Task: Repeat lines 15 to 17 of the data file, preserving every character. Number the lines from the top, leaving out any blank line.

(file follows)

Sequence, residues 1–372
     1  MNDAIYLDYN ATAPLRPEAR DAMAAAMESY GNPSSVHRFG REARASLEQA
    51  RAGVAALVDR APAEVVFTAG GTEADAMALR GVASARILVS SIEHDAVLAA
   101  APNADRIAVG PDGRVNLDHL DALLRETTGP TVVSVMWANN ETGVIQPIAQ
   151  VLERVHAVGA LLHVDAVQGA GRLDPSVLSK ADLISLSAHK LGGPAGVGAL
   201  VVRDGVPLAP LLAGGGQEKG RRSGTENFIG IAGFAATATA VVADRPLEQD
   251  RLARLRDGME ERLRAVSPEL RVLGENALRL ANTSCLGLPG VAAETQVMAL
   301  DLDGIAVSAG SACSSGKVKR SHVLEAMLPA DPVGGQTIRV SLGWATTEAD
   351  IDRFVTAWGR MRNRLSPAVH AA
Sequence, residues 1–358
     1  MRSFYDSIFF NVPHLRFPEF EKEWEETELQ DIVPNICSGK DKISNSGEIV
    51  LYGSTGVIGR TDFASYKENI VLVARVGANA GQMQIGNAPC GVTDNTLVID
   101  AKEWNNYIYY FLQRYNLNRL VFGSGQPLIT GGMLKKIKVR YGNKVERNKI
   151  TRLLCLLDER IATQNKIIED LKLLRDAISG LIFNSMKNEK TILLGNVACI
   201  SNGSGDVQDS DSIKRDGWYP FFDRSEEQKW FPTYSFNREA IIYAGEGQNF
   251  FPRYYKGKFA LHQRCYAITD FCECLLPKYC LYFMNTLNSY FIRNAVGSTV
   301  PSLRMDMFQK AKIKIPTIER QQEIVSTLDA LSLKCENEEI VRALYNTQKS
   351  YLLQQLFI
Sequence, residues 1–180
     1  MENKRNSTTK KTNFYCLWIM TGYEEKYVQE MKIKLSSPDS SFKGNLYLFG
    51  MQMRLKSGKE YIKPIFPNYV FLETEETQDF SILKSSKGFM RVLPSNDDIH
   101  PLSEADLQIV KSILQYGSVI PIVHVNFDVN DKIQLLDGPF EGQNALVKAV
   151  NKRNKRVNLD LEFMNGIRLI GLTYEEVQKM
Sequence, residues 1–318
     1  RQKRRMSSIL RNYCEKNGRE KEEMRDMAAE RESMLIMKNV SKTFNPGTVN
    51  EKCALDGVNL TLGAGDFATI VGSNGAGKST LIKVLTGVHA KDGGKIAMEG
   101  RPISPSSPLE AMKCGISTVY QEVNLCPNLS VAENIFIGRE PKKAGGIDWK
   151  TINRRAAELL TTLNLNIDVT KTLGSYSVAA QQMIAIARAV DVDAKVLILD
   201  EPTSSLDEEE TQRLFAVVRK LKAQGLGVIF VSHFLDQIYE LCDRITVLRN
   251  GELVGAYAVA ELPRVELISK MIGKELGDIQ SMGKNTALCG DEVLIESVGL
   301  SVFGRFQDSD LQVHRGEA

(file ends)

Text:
   201  SNGSGDVQDS DSIKRDGWYP FFDRSEEQKW FPTYSFNREA IIYAGEGQNF
   251  FPRYYKGKFA LHQRCYAITD FCECLLPKYC LYFMNTLNSY FIRNAVGSTV
   301  PSLRMDMFQK AKIKIPTIER QQEIVSTLDA LSLKCENEEI VRALYNTQKS